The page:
The View from a Drawbridge

The random musings of a bridgetender with entirely too much time on her hands.

I know what you’re thinking, “Yeah, everybody knew that.”

Well, we did and we didn’t. There’s this assumption that the typical Viking was a blonde-haired, blue-eyed Scandinavian. And according to this article, entitled, “VIKINGS MAY NOT BE WHO WE THOUGHT THEY WERE, DNA STUDY FINDS”, my ancestry is a little more far flung than I anticipated.

DNA tests were done on 442 humans buried in Viking fashion across Europe and Greenland, and it seems that there is a lot more Southern European and Asian DNA in the bloodline than was previously thought. In fact, you didn’t have to even have any Scandinavian blood to be considered a Viking. Some of the people buried in grand Viking style turned out to be pure Pictish, from Ireland and Scotland. So you could be welcomed into the fold regardless of your ancestry. It was more about belief and lifestyle.

I love learning this. I’ve always preferred the mutts of the world. They’re healthier and hardier and a lot more open-minded.

Incidentally, if you have Amazon Prime, I highly recommend the series Vikings. It was done by the History Channel, and many of the characters are actual Viking historical figures. The show can be violent, as one might expect, but it teaches you a lot about the Viking world. It constantly makes me Google more. For instance, I didn’t realize that the Vikings kept slaves. That makes me sad. But I’m learning a great deal about my people that I didn’t previously know.

But you know, my brown-haired, blue-eyed, Danish-descended self could have told those Scientists that not all Vikings were blondes. All they had to do was ask. Skol!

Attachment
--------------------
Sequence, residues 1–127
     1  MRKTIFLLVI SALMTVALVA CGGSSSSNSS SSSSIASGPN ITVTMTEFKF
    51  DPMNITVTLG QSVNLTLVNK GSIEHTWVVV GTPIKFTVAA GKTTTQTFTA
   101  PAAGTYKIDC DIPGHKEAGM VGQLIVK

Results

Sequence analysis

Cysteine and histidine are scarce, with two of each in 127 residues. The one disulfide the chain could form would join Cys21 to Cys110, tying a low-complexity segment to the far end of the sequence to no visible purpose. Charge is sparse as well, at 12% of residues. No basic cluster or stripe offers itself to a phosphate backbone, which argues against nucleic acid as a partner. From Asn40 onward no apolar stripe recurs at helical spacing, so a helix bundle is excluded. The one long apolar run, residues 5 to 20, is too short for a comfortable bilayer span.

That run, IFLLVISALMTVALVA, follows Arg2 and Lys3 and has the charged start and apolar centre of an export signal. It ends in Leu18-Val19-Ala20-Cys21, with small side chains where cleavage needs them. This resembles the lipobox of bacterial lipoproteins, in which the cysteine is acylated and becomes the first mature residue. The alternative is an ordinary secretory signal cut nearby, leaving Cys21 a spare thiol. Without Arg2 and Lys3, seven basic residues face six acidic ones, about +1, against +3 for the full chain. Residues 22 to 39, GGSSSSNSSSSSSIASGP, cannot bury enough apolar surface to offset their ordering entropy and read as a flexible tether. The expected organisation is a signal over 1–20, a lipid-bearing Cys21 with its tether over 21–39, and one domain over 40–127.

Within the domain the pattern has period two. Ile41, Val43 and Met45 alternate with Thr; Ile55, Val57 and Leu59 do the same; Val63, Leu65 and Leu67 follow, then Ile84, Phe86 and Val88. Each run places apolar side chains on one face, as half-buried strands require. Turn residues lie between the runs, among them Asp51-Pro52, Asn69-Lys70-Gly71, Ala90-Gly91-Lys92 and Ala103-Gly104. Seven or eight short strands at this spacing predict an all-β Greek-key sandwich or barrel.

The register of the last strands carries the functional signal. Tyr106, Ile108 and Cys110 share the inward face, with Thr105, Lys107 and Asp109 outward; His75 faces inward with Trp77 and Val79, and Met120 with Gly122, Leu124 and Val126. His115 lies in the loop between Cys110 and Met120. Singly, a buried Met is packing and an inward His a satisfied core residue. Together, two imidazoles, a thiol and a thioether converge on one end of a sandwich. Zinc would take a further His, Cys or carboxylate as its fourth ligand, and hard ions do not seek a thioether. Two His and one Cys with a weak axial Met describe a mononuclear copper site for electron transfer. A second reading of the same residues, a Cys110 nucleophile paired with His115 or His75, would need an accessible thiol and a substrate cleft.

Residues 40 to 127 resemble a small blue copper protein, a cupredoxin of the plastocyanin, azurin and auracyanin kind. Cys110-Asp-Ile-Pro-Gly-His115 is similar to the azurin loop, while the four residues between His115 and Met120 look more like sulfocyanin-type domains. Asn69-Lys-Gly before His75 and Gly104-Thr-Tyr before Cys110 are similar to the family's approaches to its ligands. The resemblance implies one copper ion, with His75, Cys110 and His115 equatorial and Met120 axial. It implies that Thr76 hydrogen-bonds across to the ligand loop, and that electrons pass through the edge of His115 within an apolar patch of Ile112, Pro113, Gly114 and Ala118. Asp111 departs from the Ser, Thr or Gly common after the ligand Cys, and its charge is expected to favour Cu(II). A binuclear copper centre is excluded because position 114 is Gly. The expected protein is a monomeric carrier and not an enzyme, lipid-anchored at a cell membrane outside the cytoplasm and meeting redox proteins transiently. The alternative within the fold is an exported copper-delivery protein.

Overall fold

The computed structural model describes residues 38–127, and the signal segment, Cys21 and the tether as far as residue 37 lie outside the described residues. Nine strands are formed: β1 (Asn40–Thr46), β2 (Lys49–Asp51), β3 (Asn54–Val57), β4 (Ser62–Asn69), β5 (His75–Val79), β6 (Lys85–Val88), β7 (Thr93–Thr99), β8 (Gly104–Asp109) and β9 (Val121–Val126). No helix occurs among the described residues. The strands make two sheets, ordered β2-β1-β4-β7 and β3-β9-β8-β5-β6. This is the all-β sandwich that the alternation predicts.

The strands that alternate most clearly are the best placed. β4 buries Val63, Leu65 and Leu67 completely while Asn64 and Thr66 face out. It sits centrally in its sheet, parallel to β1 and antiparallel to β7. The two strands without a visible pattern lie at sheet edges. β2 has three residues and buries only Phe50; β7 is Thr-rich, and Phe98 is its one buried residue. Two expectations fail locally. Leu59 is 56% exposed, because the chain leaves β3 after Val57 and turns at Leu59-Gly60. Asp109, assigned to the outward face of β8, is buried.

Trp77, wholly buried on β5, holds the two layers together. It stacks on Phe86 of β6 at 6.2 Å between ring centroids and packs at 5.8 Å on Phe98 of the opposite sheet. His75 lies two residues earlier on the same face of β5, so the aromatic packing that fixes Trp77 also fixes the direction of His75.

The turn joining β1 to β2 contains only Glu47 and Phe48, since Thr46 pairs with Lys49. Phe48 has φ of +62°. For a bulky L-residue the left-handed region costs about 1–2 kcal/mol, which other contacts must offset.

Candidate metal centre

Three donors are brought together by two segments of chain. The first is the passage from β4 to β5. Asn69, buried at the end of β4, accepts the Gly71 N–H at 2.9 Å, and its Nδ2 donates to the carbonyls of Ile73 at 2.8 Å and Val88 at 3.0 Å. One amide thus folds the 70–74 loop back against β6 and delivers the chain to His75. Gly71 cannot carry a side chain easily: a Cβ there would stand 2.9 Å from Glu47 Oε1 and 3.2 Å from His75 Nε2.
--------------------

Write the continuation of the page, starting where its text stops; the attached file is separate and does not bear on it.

Check this out, y’all. I wrote a book! http://amzn.to/2mlPVh5

3 thoughts on “The Vikings Sure Got Around

  1. Lyn says:

    The Vikings racial inclusiveness, as well as accepting women as warriors, seems socially enlightened until you realize much of their waring was against people, not threatening them, so they could steal riches and resources. Of course they’d accept anyone willing to be cannon fodder to reach their objectives. Both those dynamics still exist today, but dressed to seem like equal opportunities to serve in diplomatic acts of protecting all humanity. War is still a barbaric practice we’ve failed to evolve beyond, so is it any wonder that forms of slavery still exist? All this makes me sad, but glad the History Channel didn’t downplay the violence or slave practices while still highlighting positive aspects of the Viking culture. (Watched the whole series and checked some of it for historical accuracy. No evidence that Rollo was Ragnar’s brother but his true history is worth knowing.) We need to do a better job of teaching historical facts as determined by evidence, not biased narratives. Understanding and accepting past atrocities helps us overcome the dark aspects of our natures. Sweeping them under a rug hasn’t worked, as evidenced by where we are, socially and politically, today. Eventually the rug gets lifted and you have to confront all that dirt.

    1. It is definitely important to learn from history rather than repeat it. I think we’re just as brutal now, but our weapons allow us to do things at a distance. It’s easier to seem civilized when the blood doesn’t splash back at us. It’s all so complicated, isn’t it?

  2. Lyn says:

    I think it does splash back, but in such indirect ways it’s easier to turn a blind eye. Just because we choose not to see the blood, doesn’t stop it from staining our souls. We have repeated so many of histories mistakes that we negate the positive baby steps forward we struggle to make. Maybe we need to change the way we teach past and current history’s brutal lessons because we don’t seem to learn from the sugar coated versions we’re taught. What we don’t change, we choose.

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